Bestselling author, ‘Saturday People, Sunday People: Israel Through the Eyes of a Christian Sojourner’
Gilbert is an award-winning writer who has authored or co-authored more than sixty books. Her most recently published work is the critically acclaimed Saturday People, Sunday People: Israel through the Eyes of a Christian Sojourner which, although authored by a Christian, was listed as one of the 20 best non-fiction Jewish books of 2012 by J.G. Myers in Jewish Ideas Daily.
Gilbert also co-authored Persecuted: The Global Assault on Christians with Nina Shea and Paul Marshall (Thomas Nelson, 2013), as well as the award-winning Blind Spot: When Journalists Don’t Get Religion (Oxford University Press, 2008) with Paul Marshall and Roberta Green Ahmanson. Gilbert served as editorial director of Silenced: How Apostasy and Blasphemy Codes are Choking Freedom Worldwide, a volume co-authored by Paul Marshall and Nina Shea (Oxford University Press, 2011).
She is a frequent contributor to Fox News, National Review Online, The Weekly Standard Online, Lapidomedia (UK), The Jerusalem Post, The Huffington Post, Ricochet, and many other publications.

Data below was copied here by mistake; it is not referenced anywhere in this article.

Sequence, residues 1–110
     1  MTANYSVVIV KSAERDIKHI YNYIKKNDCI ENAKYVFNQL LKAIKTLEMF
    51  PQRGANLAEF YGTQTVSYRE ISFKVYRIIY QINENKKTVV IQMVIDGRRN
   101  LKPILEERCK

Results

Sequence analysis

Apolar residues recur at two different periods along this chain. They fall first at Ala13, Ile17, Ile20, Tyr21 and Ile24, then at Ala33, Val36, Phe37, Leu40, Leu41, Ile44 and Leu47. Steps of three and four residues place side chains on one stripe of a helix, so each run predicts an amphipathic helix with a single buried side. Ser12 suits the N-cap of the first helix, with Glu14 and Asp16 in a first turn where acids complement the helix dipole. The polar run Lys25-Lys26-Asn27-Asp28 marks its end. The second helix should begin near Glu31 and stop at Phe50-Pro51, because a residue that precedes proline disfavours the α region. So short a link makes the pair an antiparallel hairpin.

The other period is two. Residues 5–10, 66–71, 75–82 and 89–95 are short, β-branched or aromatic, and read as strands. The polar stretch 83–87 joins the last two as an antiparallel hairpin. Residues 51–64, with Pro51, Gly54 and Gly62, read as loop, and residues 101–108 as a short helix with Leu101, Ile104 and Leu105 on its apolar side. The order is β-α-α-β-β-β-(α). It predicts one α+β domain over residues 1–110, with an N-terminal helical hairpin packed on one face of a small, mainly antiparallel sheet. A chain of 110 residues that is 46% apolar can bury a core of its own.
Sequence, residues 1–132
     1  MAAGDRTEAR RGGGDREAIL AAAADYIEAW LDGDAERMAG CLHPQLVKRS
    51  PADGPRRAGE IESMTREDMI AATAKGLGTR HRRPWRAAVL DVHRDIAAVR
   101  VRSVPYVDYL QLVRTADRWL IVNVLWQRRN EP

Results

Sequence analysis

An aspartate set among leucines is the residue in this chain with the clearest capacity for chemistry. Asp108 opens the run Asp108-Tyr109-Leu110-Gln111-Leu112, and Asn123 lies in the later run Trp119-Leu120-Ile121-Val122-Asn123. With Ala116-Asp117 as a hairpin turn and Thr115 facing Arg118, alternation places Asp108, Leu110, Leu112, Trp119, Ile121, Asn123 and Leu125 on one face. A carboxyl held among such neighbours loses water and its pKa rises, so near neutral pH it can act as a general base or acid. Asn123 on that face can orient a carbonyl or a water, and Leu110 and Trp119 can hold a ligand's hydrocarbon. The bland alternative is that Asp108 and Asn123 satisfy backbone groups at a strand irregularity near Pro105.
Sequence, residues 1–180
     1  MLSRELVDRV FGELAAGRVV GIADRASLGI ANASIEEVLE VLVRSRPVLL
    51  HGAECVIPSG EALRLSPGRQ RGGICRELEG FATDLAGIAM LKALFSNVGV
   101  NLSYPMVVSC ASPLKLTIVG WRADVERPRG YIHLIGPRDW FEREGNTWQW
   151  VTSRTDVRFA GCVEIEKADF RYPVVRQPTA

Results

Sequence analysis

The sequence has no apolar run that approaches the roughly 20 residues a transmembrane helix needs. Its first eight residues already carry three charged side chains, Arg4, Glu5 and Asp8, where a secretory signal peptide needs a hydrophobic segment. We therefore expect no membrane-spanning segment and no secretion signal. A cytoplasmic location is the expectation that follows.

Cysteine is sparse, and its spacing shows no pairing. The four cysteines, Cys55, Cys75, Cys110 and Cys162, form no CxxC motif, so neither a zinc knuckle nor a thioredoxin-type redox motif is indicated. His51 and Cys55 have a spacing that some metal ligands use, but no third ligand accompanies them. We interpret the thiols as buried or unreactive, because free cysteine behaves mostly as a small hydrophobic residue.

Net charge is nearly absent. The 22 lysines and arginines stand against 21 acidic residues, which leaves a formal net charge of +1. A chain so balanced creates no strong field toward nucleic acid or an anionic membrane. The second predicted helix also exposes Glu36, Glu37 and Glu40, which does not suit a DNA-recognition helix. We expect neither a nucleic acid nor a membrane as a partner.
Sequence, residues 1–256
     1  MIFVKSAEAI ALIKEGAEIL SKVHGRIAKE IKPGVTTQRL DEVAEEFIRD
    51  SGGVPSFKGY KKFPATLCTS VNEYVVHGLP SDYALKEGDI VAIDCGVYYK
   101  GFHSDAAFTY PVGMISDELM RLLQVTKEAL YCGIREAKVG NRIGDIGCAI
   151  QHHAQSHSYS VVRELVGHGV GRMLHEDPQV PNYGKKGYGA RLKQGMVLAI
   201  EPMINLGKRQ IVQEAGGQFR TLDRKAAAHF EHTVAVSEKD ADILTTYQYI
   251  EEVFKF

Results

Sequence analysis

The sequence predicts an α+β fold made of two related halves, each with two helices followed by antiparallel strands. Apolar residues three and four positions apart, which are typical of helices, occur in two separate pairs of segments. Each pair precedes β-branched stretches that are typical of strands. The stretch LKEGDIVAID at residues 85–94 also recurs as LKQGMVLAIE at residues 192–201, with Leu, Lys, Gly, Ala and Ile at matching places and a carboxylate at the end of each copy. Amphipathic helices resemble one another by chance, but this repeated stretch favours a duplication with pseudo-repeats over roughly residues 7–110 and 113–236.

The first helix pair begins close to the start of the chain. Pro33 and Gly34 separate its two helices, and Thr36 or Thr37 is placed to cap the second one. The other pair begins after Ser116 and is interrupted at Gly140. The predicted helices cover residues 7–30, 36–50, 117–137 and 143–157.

- Persecution of the church
- Middle East
- The common ground between Jews and Christians
- Global geopolitics
Lela’s Latest Book
Saturday People, Sunday People is a unique portrait of Israel as seen through the eyes of a Christian who came for a visit and has stayed on for more than six years. Long fascinated by a land that has become an abstraction centering on international conflicts of epic proportions, Lela Gilbert arrived in Israel on a personal pilgrimage in August 2006—in the midst of a raging war. What she found was a vibrant country, enlivened by warm-hearted, lively people of great intelligence and decency.
Saturday People, Sunday People tells the story of the real Israel and of real Israelis—ordinary and extraordinary—and the energetic rhythm of their lives, even during times of tragedy and terror. The book interweaves a memoir of Gilbert’s experiences with Israel’s people and places, alongside a rich account of past and present events that continue to shape the lives of Israelis and the world beyond their borders.
As she watched events unfold in the Middle East, Gilbert witnessed how the simplest facts turned into lies, from denial of the existence of a Jewish Temple in Jerusalem to the characterization of Israel’s defensive border fence as “Apartheid.” Then Gilbert learned of a story that had all but vanished into history: the persecution and pogroms that drove more than 850,000 Jews from Muslim lands between 1948 and 1970—the “Forgotten Refugees.” Their experience is now repeating itself among Christian communities in those same Muslim countries. This cruel pattern embodies the Islamist slogan calling for the elimination of “First the Saturday people, then the Sunday people.”